PLATE 1. As a research subject is shown a series of images on a screen that run from letter-like graphics (A) to a meaningless string of letters (B) to something that is pronounceable but is not a word in English (C) to a real English word (D), several sites come into action or drop out of participation. A positron emission tomographic (PET) image shows activity in the occipital lobe that increases sharply when the graphics become real words. Source: Marcus Raichle, Washington University School of Medicine, St. Louis, Mo.

PLATE 2. Treatment with AZT can help in the management of AIDS-related dementia, as is demonstrated by these three PET images. In the healthy brain (1), levels of activity are relatively even through the frontal, temporal, and occipital lobes. Brain activity of a patient with AIDS-related dementia (2) is uneven, with the occipital region and part of the temporal lobes much less active. After 13 weeks of treatment with AZT (3), brain activity has returned significantly toward the normal pattern. Source: National Cancer Institute, Bethesda, Md.



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DISCOVERING THE BRAIN PLATE 1. As a research subject is shown a series of images on a screen that run from letter-like graphics (A) to a meaningless string of letters (B) to something that is pronounceable but is not a word in English (C) to a real English word (D), several sites come into action or drop out of participation. A positron emission tomographic (PET) image shows activity in the occipital lobe that increases sharply when the graphics become real words. Source: Marcus Raichle, Washington University School of Medicine, St. Louis, Mo. PLATE 2. Treatment with AZT can help in the management of AIDS-related dementia, as is demonstrated by these three PET images. In the healthy brain (1), levels of activity are relatively even through the frontal, temporal, and occipital lobes. Brain activity of a patient with AIDS-related dementia (2) is uneven, with the occipital region and part of the temporal lobes much less active. After 13 weeks of treatment with AZT (3), brain activity has returned significantly toward the normal pattern. Source: National Cancer Institute, Bethesda, Md.

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DISCOVERING THE BRAIN PLATE 3. Magnetic resonance imaging (MRI) is an invaluable tool in clinical practice today, as well as in neuroscientific research. Here, the crosssectional image of a patient's head clearly discloses the shape and location of a tumor (the egg-shaped yellow mass in the right hemisphere). Healthy brain tissue appears in gray, and the skull and scalp in pink. Such images contribute to precise diagnosis and, when necessary, the planning of neurosurgery. PLATE 4. In further MRI of the patient shown in Plate 3 , the surface of the brain is revealed by selectively “cutting away” the scalp.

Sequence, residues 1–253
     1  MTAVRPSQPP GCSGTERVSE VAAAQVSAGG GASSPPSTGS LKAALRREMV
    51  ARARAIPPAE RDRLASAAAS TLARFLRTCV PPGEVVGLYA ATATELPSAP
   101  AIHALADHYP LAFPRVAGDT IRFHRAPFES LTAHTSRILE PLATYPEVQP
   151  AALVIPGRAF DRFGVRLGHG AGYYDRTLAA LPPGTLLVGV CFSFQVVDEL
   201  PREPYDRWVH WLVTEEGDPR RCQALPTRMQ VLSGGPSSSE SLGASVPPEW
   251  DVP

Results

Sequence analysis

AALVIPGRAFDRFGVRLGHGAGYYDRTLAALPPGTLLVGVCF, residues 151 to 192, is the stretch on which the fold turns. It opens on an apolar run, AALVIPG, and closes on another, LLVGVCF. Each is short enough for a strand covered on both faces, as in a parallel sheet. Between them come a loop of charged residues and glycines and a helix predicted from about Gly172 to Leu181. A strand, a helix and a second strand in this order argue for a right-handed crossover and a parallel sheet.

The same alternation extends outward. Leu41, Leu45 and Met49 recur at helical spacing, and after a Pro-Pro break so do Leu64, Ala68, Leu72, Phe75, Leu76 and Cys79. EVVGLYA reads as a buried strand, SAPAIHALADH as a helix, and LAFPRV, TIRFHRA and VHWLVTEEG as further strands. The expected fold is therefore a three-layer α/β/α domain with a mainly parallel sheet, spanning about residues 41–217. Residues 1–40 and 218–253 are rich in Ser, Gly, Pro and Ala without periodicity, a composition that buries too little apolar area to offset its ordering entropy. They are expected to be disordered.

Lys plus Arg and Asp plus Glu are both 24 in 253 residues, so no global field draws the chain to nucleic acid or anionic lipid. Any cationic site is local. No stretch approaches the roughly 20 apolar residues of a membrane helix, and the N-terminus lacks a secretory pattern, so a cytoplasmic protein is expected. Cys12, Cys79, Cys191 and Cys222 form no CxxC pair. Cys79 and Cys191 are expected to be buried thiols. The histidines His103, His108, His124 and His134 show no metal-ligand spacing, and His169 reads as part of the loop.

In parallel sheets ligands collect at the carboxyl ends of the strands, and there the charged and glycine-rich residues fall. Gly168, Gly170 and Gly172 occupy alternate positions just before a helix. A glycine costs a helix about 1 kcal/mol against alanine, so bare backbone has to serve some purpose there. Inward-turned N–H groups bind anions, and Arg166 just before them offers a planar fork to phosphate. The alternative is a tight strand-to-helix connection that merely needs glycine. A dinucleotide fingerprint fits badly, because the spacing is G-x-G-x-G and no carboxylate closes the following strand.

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DISCOVERING THE BRAIN PLATE 5. The brain itself is then cut away, in imaging terms, slice by slice, until the image plane arrives at the tumor. Source for Plates 3-5 : H. E. Cline et al., 1990. Journal of Computer Assisted Tomography 14(6):1037–1045. PLATE 6. The positron emission tomographic (PET) scan of a research subject undergoing a panic attack shows very high activity (white area) in a portion of the limbic system, the “emotional brain.” What this image of just one hemisphere cannot show, however, is another striking feature of the brains of people subject to panic attacks: an asymmetry between the two hemispheres, with the left side less active than the right. PET has been useful as a research tool in revealing general patterns of brain activity that characterize panic disorder. Source: Marcus Raichle, Washington University School of Medicine, St. Louis, Mo.

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DISCOVERING THE BRAIN PLATE 7. The simple act of pronouncing a written word is the outcome of an intricate path of signals through several parts of the brain. Recognizing the word calls for the participation of the primary visual area and the visual association areas (in and around the angular gyrus). Then, for the production of speech, Broca's area becomes active; finally, the signals arrive at the motor cortex, which sends instructions for movement to the lips and tongue and larynx. Source: Marcus Raichle, Washington University School of Medicine, St. Louis, Mo. PLATE 8. At several years of age, humans perform the unusual feat of developing an entirely new visual pathway in their brain: the ability to process written information. The pathway, reinforced by training, can become very strong, even overriding other forms of visual information. To test the dominance of this pathway, try saying aloud the colors in the list. Which word presents itself: the color in which the word appears, or the color name that is written? This test demonstrates the Stroop effect, a well-known psychological phenomenon (see page 120 for additional discussion). Source: Marcus Raichle, Washington University School of Medicine, St. Louis, Mo.